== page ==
To most of the critics, these images are irreconcilable with Stan’s scenes; they often cite a jumbled disjointed nature to Killer of Sheep – along with some words about Stan’s culpability, the kid’s overwhelming innocence, and the underlying social message. All of these themes are, of course, there, but even in the children’s scenes a melancholy undercurrent connects with Stan’s preoccupations. Most often the children’s games are violent in the sort of ways that children’s games are: they often involve rocks, displays of superiority, or slightly dangerous actions. Their outcome is, of course, skinned knees, hurt pride, and a healthy bout of tears. Truly, most summer games end up this way, and in Killer of Sheep the kid’s emotions are conquerable – after the tears dry and your face is salty, it’s time for an ice cream and more adventures. When we are kids these feelings disappear, but as we age the feelings behind them become vastly insurmountable and dire. We learn from our culture – books, movies, human contact – that these feelings are important, and that it’s necessary, for better or for worse, to address them. And that’s the central conceit of Killer of Sheep: Stan has reached a place where he lives in his emotions, and because of Watts county, he is powerless to address them, so he becomes a stranger, the man underground. And, to some extent the same can be said of any lifetime. There will always be histories that we can’t address, can’t correct, because to do so would destroy our sense of ourselves.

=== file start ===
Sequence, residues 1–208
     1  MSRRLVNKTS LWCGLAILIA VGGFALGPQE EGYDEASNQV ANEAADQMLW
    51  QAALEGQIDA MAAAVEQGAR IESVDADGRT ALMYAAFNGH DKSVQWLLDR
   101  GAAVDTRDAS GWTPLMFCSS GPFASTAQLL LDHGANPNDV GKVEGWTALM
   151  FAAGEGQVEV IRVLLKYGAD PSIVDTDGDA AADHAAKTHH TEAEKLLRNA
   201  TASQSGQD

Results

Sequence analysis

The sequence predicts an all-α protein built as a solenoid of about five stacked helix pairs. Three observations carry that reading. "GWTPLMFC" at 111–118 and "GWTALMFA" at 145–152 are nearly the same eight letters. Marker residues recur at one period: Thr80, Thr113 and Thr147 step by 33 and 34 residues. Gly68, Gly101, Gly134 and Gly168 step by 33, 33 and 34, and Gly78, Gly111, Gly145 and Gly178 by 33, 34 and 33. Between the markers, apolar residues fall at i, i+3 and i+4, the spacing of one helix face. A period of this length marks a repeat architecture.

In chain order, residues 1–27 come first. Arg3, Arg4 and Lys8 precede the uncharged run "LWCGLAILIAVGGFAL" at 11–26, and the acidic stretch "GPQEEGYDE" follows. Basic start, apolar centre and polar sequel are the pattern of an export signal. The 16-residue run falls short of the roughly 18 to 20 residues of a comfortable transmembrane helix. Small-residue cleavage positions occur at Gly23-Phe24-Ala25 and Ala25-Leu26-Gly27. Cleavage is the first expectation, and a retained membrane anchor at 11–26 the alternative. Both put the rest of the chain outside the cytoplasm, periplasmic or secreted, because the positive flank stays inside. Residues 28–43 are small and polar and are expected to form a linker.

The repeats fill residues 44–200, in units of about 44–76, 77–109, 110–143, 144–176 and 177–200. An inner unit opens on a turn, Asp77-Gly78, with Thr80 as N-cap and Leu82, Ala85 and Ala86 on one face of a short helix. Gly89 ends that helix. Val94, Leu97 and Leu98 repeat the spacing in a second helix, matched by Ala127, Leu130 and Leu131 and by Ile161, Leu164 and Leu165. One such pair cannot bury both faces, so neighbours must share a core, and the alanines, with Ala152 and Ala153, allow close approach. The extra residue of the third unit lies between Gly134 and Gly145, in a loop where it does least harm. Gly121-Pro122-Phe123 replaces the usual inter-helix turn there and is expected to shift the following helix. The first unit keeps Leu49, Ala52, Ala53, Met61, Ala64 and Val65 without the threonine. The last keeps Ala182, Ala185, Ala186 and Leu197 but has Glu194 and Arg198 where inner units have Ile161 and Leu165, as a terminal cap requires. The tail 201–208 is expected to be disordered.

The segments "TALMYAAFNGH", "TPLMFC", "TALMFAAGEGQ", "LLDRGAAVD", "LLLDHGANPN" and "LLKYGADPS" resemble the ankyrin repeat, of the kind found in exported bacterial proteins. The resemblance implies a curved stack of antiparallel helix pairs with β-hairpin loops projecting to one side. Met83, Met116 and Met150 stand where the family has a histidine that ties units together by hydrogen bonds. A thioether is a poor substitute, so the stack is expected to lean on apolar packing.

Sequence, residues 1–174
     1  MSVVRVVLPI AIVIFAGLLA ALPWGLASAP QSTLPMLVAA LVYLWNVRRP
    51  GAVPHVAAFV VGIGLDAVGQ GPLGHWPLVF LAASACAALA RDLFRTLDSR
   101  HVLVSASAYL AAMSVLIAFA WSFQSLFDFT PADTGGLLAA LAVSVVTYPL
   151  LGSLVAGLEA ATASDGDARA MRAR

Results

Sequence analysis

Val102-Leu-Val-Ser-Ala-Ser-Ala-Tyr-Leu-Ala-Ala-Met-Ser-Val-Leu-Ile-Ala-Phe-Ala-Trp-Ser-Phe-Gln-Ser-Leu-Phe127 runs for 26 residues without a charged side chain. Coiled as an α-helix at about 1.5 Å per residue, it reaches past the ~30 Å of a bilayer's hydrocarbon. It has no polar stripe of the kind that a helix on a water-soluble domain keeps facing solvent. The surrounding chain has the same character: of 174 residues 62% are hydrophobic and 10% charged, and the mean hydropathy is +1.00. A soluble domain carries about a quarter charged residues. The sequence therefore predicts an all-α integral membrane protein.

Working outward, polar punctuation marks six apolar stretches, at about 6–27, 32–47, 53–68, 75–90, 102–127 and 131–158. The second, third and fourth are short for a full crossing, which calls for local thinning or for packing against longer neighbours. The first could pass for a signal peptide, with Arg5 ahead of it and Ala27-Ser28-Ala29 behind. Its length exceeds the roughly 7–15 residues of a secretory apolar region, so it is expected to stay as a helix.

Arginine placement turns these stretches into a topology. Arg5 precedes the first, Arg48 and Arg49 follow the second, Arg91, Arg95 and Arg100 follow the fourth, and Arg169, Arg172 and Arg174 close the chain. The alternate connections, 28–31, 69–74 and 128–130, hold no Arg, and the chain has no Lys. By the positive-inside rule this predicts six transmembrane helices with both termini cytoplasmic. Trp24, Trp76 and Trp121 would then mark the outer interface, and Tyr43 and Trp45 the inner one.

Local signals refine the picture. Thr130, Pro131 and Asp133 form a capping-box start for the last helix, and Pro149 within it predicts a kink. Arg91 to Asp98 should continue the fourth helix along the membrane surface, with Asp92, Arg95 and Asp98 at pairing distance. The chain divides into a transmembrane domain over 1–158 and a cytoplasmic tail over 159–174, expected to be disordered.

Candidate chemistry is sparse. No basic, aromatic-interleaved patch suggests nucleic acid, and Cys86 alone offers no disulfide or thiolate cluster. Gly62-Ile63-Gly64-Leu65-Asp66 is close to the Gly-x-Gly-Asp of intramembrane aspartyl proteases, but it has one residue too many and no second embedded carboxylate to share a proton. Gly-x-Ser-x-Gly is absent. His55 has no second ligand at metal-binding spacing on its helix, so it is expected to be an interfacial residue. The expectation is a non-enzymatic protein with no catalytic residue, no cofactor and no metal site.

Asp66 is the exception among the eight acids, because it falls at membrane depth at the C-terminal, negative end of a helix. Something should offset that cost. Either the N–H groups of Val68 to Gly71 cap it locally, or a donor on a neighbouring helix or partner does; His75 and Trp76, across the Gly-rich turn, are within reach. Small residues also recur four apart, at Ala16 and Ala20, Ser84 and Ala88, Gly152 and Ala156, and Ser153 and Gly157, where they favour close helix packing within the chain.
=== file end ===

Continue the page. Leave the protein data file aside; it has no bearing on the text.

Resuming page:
The movie begins with Stan lecturing his son on what it takes to be a man – “You are not a child anymore, you soon will be a goddamn man” – Stan tells him he must protect his sister, must stand up for himself, must ignore his emotions, and must, most of all, be strong. He son listens with a mixture of confusion and disbelief. When Stan insists that he “Start learning what life is about now, son”, it’s pretty clear that he already knows: rocks hurt, and sometimes you can’t fix, or ignore, them.